## Wednesday, October 8, 2008

### Can you count the number of soldiers..

You are given that there are less than 1000 soldiers assembled in a battle field. They have done three 'count off's. (Each one remembers the number the last soldier shouted out and shouts out the next number if it is less than the 'count off' number or starts with number one). They have carried out 'count off by sevens', then 'count off by tens' and finally 'count off by thirteen'. The numbers the last soldier in the assembly shouted out were one, three and eight respectively. The commander wants to know the exact soldier count.

Notice 7, 10 and 13 are relatively prime in pairs. You can apply the Chinese Remainder Theorem! The three congruences x ~ 1 (mod 7), x ~ 3 (mod 10) and x ~8 (mod 13) have common solutions, where x is the exact soldier count. Any two common solutions are congruent modulo 910 (that is 7 * 10 * 13).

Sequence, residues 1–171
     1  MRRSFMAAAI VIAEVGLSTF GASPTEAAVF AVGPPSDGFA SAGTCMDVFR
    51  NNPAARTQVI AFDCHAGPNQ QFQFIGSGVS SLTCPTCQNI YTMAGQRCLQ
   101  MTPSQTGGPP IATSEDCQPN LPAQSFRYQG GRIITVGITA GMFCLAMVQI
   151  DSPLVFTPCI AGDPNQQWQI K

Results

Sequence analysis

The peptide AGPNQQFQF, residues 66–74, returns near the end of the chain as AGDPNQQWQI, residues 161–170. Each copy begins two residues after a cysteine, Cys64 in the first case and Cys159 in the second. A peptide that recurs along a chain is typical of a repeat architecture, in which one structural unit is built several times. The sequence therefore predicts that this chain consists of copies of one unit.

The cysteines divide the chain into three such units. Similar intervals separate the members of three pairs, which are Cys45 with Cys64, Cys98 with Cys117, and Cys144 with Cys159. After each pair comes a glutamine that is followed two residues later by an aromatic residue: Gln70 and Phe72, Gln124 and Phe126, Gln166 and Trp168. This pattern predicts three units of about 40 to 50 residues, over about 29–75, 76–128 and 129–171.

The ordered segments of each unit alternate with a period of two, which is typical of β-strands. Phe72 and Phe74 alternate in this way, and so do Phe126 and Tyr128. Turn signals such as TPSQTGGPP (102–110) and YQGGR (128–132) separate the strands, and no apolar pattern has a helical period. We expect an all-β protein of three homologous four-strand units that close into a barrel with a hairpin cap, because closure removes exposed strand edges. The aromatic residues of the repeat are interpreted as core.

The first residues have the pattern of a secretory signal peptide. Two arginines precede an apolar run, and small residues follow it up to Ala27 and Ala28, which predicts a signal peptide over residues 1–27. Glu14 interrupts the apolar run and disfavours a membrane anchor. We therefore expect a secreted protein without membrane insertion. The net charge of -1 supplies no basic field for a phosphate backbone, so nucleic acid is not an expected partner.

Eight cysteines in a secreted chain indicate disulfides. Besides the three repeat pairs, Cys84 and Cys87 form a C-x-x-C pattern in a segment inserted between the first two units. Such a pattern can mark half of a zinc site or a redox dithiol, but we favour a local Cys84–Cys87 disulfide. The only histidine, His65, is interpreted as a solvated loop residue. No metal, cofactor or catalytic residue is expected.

Using number theory, we can show that x ~ 463 (mod 910). The solutions are 463, 1373 (463 + 910), 2283 and so on. Since there are less than 1000, the answer is 463.

(Note: I have used '~' as the congurence symbol, but we usually use 'equivalent' notation for that)

(Courtesy: The Art of War by Sun Tsu in the 17th century; adapted from the Wagstaff's Number Theory book)

Isn't it cool..

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